27 Apr 2020

When is the best time to draft your Will? The answer is, yesterday

Authored by: Michael Lunjevich and Philip Sequeira

In brief:

  • Too often people ignore the importance of having a last Will & Testament.
  • If you own a business, real estate, cars or have any bank accounts in the UAE, then you should ensure you give equal importance to your inheritance issues just like you do for your day to day business planning and family matters.
  • There are various laws that apply in the UAE in relation to inheritance and the proper drafting of a Will is paramount in order to protect against invalidation or delays in enforcement.

Too often people ignore the importance of having a last Will and Testament because they are so focused on the promise of tomorrow that they ignore the unfortunate reality that a person’s demise can come at any time. Having a Will is similar to having insurance. It might be something that you don’t need today that has cost implications to put into place, but you will certainly be grateful you put it in place if it turns out you or your family really needs it tomorrow.

Inheritance issues and thoughts about death are hard to confront, however, given the current COVID-19 pandemic, now more so than ever, one needs to ensure their Will is up to date and enforceable under UAE Laws. This is relevant in relation to both the custody of children and for the passing of assets held in the UAE to their loved ones.
 

What is the purpose of a Will and who should have one?

If you own a business, real estate, cars or have any bank accounts in the UAE, then you should ensure you give equal importance to your inheritance issues just like you do for your day to day business planning and family matters.   

A Will is a legal document that sets out your wishes to be followed after your death in distribution of your wealth.  It also takes care of guardianship issues for your children and allows you to appoint guardians (both temporary or permanent) of your minor children until they attain the age of 21.  Guardianship is of paramount importance especially if you do not have your immediate family members here in the UAE and have to rely on friends until such time your family members can travel to take control. Given current travel restrictions, this takes on even more importance than ever at this time. It is therefore vitally important to have a proper Will in place in order to make sure your wishes are well understood and taken care of.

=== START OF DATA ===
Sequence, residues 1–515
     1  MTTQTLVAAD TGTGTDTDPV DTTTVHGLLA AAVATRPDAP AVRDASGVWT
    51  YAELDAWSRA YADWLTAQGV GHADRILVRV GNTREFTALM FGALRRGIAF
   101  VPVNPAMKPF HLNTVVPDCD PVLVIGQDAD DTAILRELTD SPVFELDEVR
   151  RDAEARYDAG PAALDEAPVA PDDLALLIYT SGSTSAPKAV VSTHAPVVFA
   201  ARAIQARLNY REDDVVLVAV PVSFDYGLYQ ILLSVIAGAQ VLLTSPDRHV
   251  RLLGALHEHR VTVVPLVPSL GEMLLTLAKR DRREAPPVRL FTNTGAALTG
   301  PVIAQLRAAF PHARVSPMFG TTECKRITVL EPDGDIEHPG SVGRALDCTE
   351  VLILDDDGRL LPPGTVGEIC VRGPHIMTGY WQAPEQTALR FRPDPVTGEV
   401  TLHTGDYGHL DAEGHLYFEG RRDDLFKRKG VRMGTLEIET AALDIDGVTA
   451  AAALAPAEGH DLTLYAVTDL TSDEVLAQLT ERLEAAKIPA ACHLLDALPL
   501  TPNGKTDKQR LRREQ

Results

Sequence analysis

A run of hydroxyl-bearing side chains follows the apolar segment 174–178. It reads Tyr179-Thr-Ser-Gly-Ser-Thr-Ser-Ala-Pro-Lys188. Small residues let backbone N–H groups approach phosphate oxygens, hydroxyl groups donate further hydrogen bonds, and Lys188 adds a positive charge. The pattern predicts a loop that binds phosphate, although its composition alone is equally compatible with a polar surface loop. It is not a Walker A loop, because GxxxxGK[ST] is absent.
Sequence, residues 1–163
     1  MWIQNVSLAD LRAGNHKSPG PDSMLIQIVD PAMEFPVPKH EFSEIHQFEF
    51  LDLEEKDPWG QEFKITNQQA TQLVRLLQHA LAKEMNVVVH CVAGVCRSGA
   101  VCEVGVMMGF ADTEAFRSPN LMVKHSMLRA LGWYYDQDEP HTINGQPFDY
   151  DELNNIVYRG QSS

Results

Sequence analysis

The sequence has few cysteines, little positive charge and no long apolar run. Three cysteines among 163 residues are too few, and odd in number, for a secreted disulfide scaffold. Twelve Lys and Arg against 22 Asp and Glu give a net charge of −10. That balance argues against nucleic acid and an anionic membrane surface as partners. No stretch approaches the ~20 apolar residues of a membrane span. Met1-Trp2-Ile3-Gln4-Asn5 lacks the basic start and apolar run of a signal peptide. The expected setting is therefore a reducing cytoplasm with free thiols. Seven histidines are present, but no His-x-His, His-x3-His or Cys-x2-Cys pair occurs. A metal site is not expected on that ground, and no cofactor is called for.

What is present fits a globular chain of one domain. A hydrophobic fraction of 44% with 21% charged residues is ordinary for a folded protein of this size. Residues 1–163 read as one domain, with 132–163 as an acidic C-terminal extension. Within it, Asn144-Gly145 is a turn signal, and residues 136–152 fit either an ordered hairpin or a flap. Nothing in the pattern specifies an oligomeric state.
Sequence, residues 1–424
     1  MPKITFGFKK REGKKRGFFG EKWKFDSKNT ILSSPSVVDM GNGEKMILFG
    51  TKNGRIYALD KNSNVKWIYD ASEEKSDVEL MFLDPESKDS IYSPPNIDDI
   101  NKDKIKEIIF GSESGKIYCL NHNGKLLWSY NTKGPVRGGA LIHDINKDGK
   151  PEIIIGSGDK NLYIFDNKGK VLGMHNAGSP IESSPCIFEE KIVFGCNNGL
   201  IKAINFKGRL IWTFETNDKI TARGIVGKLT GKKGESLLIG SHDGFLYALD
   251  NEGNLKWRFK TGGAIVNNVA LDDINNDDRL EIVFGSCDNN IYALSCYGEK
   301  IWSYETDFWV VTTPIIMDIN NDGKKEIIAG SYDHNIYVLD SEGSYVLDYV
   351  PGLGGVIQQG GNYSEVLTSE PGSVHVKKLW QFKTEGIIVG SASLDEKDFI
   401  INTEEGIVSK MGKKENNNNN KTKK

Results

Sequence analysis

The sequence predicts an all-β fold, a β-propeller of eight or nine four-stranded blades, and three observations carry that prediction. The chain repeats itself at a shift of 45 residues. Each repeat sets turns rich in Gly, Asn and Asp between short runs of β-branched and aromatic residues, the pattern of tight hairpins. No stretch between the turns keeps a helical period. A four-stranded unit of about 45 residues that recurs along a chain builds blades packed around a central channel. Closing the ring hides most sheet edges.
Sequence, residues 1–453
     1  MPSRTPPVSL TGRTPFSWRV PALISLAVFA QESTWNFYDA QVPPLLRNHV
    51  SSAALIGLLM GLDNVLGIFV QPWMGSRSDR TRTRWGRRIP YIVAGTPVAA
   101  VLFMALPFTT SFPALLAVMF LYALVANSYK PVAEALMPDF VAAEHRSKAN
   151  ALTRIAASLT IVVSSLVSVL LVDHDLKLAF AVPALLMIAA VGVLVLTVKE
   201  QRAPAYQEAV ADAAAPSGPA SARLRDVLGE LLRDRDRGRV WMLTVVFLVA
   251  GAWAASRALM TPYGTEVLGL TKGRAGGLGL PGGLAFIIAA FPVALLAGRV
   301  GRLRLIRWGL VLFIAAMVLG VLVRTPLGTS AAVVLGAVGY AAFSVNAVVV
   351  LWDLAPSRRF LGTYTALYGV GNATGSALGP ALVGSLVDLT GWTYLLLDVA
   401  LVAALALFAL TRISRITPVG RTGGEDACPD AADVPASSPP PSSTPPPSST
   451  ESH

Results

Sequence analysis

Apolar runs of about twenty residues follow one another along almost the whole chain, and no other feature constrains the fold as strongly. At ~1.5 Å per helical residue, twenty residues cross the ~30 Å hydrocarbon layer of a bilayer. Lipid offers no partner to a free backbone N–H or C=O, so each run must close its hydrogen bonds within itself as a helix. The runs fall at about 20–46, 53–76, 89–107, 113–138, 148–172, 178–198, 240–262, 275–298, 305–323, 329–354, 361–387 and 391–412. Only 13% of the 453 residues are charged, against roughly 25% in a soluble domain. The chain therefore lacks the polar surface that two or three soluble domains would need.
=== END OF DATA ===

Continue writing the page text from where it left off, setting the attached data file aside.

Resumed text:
Relevant Laws

There are various laws that apply in relation to inheritance in the UAE. These are:

(1) Federal Law No. 5 of 1985 (Civil Code);

(2) Federal Law No. 28 of 2005 (the Personal Status Law); and

(3) Dubai Law No. 15 of 2017 regulating inheritance, wills and probate for non-Muslims (the DIFC Wills and Probate Registry Rules).
 

Process

Generally, a Will made by a non-Muslim foreigner will be accepted by the Dubai Courts provided it fulfils UAE legal formalities, which may include being validly executed under UAE Law, the laws of their home jurisdiction or through the DIFC. In any event, in order to enforce a Will in Dubai it has to be validated by the Dubai Courts through a succession order.

Registration of a Will can take place before the Dubai Courts (Notary Public) or through the Abu Dhabi Judicial Department which registers Wills for Muslims as well as non-Muslims.  Non-Muslims can also register before the DIFC Wills & Probate Registry which is situated in the Dubai International Financial Centre, Dubai.
 

Conclusion

Although it might look like a straight forward and simple process, the proper drafting of a Will and following proper process is paramount in order to protect against invalidation of the Will on technicalities after your death, or to avoid delays in enforcement.  By then, the damage has been done and children may not be receiving the care and support they need and intended heirs may be struggling to get access to vital cash to support your funeral expenses.

Should you have any queries or need more information, please feel free to contact Michael Lunjevich (Partner, Head of Commercial & Property and DIFC licensed Wills draftsperson) or Philip Sequeira (Head of Property Regulatory) or your usual Hadef & Partners contact.

 
 

This article, including any advice, commentary or recommendation herein, is provided on a complimentary basis without consideration of any specific objectives, circumstances or facts. It reflects the views of the writer which may, in some cases, differ from those of the firm, especially in the developing jurisdiction of the UAE.